I've never been a big John Edwards supporter, but this news from the DOJ highlights the flaws in our campaign finance system more than it does the flaws in John Edwards' character.
NBC News has learned, from sources close to the investigation, that the Justice Department has given the green light for criminal charges to be filed against former U.S. senator John Edwards for alleged campaign finance law violations arising from the cover-up of an extra-marital affair.
One source with knowledge of the case says that while prosecutors are moving toward an indictment, it is still possible that a plea agreement could be reached.
However, NBC News has been told that prosecutors are insisting that Edwards plead to a felony, which friends doubt he will do.
Here's the problem with this, as I see it. Yes, Edwards was wrong to have an affair and (allegedly) spend campaign funds to cover it up by putting Rielle Hunter on the payroll and hide her from journalists. That is certainly wrong, no question.
But what about the donors? This is the major flaw in our campaign finance system. Wealthy donors remain completely protected, even when they are giving funds with full knowledge that they will be used in ways that are against campaign finance laws.
Federal authorities have been investigating whether Edwards illegally spent 2008 campaign money to hide his relationship with videographer Rielle Hunter, and whether some $1 million, provided by wealthy donors to keep her hidden, amounts to illegal contributions.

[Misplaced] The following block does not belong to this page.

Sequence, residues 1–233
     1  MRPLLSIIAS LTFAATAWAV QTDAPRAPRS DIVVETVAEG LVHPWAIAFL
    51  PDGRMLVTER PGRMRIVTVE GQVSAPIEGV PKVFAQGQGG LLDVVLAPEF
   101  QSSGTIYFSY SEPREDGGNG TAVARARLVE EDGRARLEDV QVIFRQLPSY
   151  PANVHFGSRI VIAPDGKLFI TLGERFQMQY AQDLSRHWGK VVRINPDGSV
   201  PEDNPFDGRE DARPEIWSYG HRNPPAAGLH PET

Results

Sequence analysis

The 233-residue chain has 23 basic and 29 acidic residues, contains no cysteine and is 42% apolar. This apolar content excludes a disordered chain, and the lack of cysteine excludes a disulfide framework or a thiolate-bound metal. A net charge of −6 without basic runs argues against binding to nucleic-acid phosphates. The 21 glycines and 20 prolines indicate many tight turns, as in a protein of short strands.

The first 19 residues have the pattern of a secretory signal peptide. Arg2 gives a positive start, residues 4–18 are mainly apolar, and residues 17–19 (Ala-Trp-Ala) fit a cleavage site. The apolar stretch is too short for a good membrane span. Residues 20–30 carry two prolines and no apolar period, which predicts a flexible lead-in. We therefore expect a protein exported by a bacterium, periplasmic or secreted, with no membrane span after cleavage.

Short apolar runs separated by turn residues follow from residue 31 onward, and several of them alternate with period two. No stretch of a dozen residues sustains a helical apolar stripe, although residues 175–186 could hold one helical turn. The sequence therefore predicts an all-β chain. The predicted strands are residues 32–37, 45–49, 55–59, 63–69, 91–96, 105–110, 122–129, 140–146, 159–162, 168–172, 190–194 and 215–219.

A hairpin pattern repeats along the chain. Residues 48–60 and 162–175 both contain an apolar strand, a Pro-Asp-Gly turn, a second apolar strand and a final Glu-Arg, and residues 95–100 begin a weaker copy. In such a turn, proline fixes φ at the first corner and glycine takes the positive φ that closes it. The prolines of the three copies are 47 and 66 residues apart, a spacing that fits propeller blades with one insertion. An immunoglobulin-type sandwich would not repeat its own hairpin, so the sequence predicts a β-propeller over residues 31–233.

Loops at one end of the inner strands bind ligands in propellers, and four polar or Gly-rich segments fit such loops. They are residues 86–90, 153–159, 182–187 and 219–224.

In Edwards' case, it would embarrass those donors directly connected with the Rielle Hunter coverup. But what about secret donors to other campaign committees who are able to fly under the radar while financing efforts to undermine Medicare, or defeat candidates by inventing lies and scandal about them, or to use their leverage to smear good and decent people like Elizabeth Warren? Those donors go uninvestigated and unscathed.
The Edwards news will play as a big media scandal for as long as the news cycle permits. John Edwards will likely cut a deal of some sort and move on with his life. Life will go on, and big donors will continue to pull the strings of campaigns on both sides of the aisle in ways that impact our lives in far bigger ways than the coverup of an affair ever will.
The evil isn't Edwards' affair or the coverup. The evil is the gushing river of money flowing through our political landscape, flooding and destroying along the way.